The Roman crossing of Brigitte Haentjens

The Roman crossing of Brigitte Haentjens


Four years ago, director Brigitte Haentjens had the idea of ​​doing what she had never done in her 45-year career: stage five plays by Shakespeare about the era one after the other.

“It's the longest show I've produced, because it will last 7:30 am, including intermissions, says- her speaking of Rome which brings together in an evening The Rape of Lucretius, Coriolanus, Julius Caesar, Antony and Cleopatra and Titus Andronicusat Usine C. It’s unique. We will never experience that again. »

The theater woman wanted to deal with power and domination. So she chose these works of Shakespeare. 

“It represents the chronology of Rome quite well,” she says. From the beginning of democracy to the fall into chaos and anarchy. »

“It's an epic,” she adds in a telephone interview. It is a journey through history and politics. But if I could have seen all that involved, I would have turned back. With 25 actors, the schedules were hell! »

Three generations

Brigitte Haentjens also had the objective of creating community theater. She has thus called on long-time collaborators, such as Céline Bonnier, Marc Béland and Sébastien Ricard, but also on younger ones, such as Irdens Exantus, or even members of the next generation in their early twenties. So there are three generations on stage, excluding the two children who take part in this production.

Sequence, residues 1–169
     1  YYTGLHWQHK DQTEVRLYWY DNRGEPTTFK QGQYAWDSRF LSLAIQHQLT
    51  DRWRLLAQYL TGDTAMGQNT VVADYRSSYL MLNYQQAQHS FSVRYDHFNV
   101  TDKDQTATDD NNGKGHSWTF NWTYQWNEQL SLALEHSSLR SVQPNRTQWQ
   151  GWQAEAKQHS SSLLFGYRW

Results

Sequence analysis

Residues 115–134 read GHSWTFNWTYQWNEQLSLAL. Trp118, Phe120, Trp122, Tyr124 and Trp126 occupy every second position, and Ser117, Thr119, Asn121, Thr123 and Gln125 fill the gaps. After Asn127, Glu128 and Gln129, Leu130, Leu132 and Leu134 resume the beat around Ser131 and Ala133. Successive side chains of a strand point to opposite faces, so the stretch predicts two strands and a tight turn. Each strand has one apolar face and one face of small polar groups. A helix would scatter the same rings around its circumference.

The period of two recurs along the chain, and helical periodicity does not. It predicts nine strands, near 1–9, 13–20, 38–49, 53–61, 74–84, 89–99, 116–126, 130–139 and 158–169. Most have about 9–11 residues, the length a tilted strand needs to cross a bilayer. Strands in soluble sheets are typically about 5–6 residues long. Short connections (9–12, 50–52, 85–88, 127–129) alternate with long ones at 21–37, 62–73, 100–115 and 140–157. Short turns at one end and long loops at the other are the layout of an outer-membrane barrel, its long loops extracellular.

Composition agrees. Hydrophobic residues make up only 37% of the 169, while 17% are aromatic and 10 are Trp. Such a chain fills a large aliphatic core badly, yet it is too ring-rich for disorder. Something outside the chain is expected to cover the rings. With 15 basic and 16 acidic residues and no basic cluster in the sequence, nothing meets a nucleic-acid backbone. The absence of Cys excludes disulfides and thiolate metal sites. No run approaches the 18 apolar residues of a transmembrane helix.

“I wanted a team spirit to do theater in all simplicity, without video”, mentions the one who had worked in the mid-2000s with 50 actresses for the show Just like her written by Louise Dupré. 

All the actors play in more than one play, exchanging main and secondary roles.

The artistic director of the Sibyllines company and the French Theater of the National Arts Center has entrusted the translation of Shakespeare to another partner with whom she has worked for a long time, Jean Marc Dalpé.

“It is wonderful that 'we worked on the text for three years to tighten the pieces, she says. Jean Marc adapted them in contemporary French. We simplified the language. »

A common experience

She is delighted with the scope of her proposal, which will bring the spectators to live an intimate moment together. 

“It's a different relationship to cultural consumption as we usually know it,” she points out. We create a kind of community with our neighbors with whom we spend so much time side by side. » 

« We can chat during breaks or eat a piece of sandwich on the go. As long as the phones don't ring, it's fine! she laughs. 

Rome is presented at Usine C from April 5 to 23< /strong>